* somebody wrote the water was not coming out and returned the machine: you need to bang the water tank real hard in position, otherwise it doesn't connect. It happened to me first time using it... I thought machine was defective too because coffee was not coming out. My husband banged it in there and started working right away.
* ground basket is soupy: with espresso machines you have to fill the basket to its fullest, nothing like drip machines. You need to have coffee heaping out like an upside-down cone and then gently press it down with the tamper. Don't press too hard otherwise the water doesn't make it through.
* built-it tamper sucks: this puzzles me. A tamper is whatever flat surface you have handy. In Italy people don't use tampers, considered a fancy thing for coffee shops. People just uses the back of a spoon to tamper the coffee down. The spoon that comes with this machine is perfect for that by the way. You just need a flat round surface of same diameter to have a great tamper. The built-in one works great. You only need a minor pressure otherwise you compact coffee too much.
* takes long to heat up: maybe older version? Not sure about this. Mine is ready in one minute or less.
* no cup warmer: in the manual says the top metal part is the cup warmer. It is warm if you let it warm up. I personally live in warm climate so don't need cup warmer, plus the coffee comes out very hot. True that there's no railing so cups can fall off easily (done that...).
* frothing wand placement/length: I can't say much about it because I don't make cappuccino, I just drink straight espresso, black. One thing I'd say is that cappuccino in Italy is not what you know as cappuccino here, size wise. This may explain the wand dimensions. In Italy cappuccino is a single shot of espresso, with some frothed milk on top. When I say some, I mean really a little bit. The total output is less than one cup size for your cappuccino. That is very small. So when you need to heat up your milk, in theory you'd use a very small and short brick. If you'd see one of these you wouldn't believe it probably.
* bitter coffee: this is very important. Espresso is supposed to be a very sweet cup of coffee. I never got used to the drip coffee or store bought cup of coffee just because it's too bitter. Not used to it. The difference is in the roast and grind. You cannot use coffee you'd use in the drip machine for the espresso machine. For your first espresso, just buy Illy ground espresso coffee. I recommend the black label. Just try it and that is your standard to compare other coffee to. That is the sweet taste you should get. I also recommend to buy pre-ground coffee, because the grind for espresso requires a serious (expensive) burr grinder, professional level to obtain a fine and homogeneous coffee suitable for these type of machines.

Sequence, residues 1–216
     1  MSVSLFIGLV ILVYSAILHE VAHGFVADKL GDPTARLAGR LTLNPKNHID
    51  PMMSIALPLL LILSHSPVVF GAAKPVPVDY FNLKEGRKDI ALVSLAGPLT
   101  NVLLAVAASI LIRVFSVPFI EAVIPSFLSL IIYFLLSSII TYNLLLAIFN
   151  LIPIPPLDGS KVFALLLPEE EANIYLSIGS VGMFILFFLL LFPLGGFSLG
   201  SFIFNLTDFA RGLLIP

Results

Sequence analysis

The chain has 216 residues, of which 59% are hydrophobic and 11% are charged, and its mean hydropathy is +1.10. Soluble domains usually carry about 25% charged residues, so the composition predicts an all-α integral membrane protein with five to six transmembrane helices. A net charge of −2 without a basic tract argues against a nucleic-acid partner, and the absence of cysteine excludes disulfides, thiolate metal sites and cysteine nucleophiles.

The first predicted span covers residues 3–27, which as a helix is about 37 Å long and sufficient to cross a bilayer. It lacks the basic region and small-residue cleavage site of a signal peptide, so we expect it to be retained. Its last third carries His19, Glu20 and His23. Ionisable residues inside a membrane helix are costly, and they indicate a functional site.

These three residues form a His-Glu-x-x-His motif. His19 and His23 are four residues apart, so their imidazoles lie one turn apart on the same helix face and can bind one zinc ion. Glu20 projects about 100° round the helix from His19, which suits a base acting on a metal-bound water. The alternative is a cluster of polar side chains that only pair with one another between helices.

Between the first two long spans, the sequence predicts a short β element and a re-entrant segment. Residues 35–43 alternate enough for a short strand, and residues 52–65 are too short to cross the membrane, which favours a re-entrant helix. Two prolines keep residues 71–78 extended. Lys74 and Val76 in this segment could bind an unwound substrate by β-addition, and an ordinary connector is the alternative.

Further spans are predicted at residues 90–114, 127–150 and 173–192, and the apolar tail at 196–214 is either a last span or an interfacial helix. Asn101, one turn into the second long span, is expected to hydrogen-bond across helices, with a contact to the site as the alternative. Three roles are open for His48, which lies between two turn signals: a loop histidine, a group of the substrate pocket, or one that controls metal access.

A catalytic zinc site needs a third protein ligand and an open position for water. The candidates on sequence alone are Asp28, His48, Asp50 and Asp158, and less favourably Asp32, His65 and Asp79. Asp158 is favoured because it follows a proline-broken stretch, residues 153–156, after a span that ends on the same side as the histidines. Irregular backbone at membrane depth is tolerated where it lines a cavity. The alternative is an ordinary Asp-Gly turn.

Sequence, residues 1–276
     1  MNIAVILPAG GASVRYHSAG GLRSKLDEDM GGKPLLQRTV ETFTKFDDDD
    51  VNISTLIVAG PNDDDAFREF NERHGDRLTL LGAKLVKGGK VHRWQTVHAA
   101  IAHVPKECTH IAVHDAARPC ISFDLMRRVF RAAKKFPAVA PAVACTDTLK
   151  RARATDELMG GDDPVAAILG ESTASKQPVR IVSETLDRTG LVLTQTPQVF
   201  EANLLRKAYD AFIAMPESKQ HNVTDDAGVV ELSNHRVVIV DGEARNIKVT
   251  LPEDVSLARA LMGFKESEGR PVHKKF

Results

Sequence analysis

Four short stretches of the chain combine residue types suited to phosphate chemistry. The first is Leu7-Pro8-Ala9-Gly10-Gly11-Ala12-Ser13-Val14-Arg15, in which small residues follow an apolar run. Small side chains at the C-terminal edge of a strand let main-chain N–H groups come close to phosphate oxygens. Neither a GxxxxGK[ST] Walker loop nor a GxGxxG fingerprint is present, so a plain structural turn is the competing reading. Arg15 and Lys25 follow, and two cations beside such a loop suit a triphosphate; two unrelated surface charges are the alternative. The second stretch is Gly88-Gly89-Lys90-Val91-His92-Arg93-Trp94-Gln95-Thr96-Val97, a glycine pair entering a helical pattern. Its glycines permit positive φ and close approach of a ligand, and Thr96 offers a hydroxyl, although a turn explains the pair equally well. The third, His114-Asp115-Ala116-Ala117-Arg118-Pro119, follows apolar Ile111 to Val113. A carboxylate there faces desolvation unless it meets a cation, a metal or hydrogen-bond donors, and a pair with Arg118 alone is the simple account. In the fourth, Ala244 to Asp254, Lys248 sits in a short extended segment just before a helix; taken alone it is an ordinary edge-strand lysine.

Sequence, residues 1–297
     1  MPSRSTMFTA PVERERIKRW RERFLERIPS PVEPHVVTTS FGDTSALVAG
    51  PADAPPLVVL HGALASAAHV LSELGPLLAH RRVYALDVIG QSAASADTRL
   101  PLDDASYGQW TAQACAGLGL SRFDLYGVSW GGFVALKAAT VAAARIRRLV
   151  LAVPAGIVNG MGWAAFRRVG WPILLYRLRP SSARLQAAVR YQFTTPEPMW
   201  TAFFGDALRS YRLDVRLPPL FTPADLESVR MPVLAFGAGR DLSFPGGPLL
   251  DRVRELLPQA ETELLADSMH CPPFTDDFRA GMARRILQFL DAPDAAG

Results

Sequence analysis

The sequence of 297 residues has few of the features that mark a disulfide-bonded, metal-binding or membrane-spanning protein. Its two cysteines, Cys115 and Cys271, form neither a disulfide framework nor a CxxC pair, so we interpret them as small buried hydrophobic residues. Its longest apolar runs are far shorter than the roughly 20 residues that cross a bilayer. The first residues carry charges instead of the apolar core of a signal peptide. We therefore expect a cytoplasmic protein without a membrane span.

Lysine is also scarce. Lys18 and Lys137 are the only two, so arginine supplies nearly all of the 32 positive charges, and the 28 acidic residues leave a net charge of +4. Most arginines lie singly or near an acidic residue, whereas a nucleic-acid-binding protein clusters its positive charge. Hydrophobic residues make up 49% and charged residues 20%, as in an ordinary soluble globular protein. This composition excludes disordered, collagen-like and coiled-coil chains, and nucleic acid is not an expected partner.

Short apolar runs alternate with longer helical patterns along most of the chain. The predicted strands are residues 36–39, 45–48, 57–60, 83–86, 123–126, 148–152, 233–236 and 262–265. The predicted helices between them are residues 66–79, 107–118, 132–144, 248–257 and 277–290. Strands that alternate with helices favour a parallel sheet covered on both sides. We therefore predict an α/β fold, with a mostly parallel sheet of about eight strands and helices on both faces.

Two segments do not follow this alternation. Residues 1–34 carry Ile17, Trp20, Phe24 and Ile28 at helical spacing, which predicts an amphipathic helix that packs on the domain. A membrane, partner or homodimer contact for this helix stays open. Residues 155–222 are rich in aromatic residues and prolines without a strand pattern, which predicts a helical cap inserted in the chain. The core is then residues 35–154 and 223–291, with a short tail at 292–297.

To buy ground coffee, a cheaper option (cheaper than Illy) is Lavazza. I recommend "Crema e Gusto". This is the most commonly used brand in Italian families, that's all I drank in my family for instance. The "Crema e Gusto" variety gives a nice espresso.
I think I covered all the points I wanted. I will add if realize I forgot something worth mentioning :-)
Enjoy your coffee!
April 2015 Update: we have been using this machine daily since our purchase in 2011 and it hasn't had a single issue so far.
Seeing as it's time to replace the dying EC155 I've reached a crossroads that speaks to the quality the EC155 provides at its price point. A lot of the "higher-end" (~$100-$500 range) espresso machines have issues that are apparent in the EC155 such as unstable temperature control and poor steam generation. For a sub-$100 machine, the EC155 does a great job as long as you know a few important tricks! Here are a few I've picked up through refining my coffee rituals:
1. Toss aside the pressurizer that comes with the portafilter (the small black circular object that screws into the plate and the black plate). This pressurizer works via a spring loaded system that attempts to introduce artificial pressure into the grounds so that the water coming through the portafiler needs to achieve a certain pressure before coming out. I've found that if you load enough grounds in and tamp properly it isn't necessary at all for achieving a crema. In the end you should just have three pieces: the outside of the portafilter, the gasket, and the metal holder
2. Either take off the bottom half of the portafilter handle or cut off the plastic underneath the portafilter to get yourself a sort of bottomless portafilter system. You'll be able to watch your shots come out of the machine and I've found that a lot of coffee liquid gets stuck in this piece without there being any big benefit. Also this frees up some much needed room for a taller cup.